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© International Journal of Clinical and Health Psychology
ISSN 1697-2600
2009, Vol. 9, Nº 2, pp. 329-344
Standards for the preparation and writing of
Psychology review articles1
Luis Fernández-Ríos2 (Universidad de Santiago de Compostela, España) and
Gualberto Buela-Casal (Universidad de Granada, España)
ABSTRACT. The synthesis of bibliographical resources addressing a topic is an
interesting subject for research. It is included as part of literature reviews. The aim of
this theoretical study is to establish a series of standards for planning, preparing and
writing Psychology review articles. With this aim, the study suggests a set of guidelines
for the structuring and justification of content for these types of articles: organisation
of the article, background understanding of the topic, literature review, style and
understanding of argumentative structure, theoretical and practical relevance of conclusions,
the critical and interdisciplinary perspectives of the article, recommendations for future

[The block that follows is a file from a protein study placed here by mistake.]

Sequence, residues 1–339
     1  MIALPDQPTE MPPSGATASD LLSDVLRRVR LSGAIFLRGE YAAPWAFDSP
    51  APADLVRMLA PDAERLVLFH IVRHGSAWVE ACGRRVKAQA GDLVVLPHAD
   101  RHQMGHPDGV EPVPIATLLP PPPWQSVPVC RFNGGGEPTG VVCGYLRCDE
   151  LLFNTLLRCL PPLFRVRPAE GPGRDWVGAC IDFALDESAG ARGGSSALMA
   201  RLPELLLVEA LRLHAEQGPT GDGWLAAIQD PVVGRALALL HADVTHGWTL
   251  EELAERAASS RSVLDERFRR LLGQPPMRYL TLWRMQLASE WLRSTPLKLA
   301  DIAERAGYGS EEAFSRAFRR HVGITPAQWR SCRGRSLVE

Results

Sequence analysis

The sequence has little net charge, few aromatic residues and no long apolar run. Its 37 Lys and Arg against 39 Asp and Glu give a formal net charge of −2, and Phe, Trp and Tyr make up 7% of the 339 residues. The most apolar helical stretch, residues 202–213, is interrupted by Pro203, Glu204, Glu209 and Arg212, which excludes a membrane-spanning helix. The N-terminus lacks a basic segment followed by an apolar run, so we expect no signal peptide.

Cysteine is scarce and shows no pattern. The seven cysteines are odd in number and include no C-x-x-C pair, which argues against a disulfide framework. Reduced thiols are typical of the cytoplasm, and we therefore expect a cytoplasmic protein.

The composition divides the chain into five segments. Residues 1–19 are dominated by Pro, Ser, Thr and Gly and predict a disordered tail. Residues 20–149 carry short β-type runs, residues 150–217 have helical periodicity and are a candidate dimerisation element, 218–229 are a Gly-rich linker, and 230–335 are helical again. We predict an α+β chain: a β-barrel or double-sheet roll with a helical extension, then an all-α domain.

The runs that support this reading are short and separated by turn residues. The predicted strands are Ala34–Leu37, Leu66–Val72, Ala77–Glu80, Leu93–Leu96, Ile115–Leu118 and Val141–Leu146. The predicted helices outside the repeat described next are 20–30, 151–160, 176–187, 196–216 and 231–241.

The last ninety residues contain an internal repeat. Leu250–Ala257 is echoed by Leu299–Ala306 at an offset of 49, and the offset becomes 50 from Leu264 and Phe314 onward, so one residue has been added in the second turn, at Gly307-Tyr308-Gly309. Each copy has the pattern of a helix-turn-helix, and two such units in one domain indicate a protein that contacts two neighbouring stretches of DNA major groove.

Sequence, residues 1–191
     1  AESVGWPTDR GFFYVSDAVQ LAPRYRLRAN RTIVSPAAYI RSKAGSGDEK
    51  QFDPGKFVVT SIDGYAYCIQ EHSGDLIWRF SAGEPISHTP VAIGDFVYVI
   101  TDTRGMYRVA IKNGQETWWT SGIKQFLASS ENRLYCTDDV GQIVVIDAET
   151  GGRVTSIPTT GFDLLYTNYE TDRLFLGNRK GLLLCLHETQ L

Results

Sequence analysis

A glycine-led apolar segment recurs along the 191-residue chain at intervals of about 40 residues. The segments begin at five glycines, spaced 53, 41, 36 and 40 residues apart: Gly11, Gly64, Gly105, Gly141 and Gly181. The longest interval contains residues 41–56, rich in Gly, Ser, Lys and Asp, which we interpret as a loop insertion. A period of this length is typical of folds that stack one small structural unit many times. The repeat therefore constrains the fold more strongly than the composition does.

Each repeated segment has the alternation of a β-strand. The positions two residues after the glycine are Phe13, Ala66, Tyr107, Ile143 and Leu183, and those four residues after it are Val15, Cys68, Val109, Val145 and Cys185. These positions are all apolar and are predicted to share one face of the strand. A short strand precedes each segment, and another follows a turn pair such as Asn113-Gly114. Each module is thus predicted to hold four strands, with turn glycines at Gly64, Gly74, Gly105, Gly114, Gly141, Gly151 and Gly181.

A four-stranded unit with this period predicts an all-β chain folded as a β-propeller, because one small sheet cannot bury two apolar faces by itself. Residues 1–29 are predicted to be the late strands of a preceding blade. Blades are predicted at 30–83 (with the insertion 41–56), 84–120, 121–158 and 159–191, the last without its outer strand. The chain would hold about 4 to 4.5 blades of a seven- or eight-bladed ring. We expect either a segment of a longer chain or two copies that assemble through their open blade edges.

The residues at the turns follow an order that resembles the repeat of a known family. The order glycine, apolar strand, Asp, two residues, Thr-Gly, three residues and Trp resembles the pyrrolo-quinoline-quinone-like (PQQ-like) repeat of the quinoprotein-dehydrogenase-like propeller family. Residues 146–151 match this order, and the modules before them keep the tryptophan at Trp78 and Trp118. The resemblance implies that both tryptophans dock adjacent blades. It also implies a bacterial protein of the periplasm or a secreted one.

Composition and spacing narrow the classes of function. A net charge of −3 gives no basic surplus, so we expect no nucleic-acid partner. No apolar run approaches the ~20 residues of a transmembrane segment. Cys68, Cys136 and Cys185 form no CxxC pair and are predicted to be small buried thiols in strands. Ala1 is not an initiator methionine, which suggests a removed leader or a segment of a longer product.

research and what the article can bring to the future advancement of the discipline. The
work concludes on the relevance of the study undertaken and accepts the importance
of undertaking the necessary reviews from the interdisciplinary perspective of building
psychological understanding.
KEYWORDS. Review studies. Guidelines for the drafting of articles. Integrative
research reviews. Quality of research. Critical Psychology. Theoretical study.
RESUMEN. La síntesis de recursos bibliográficos acerca de un tema es una interesante
actividad de investigación. Se incluye dentro de las revisiones de bibliografía. El objetivo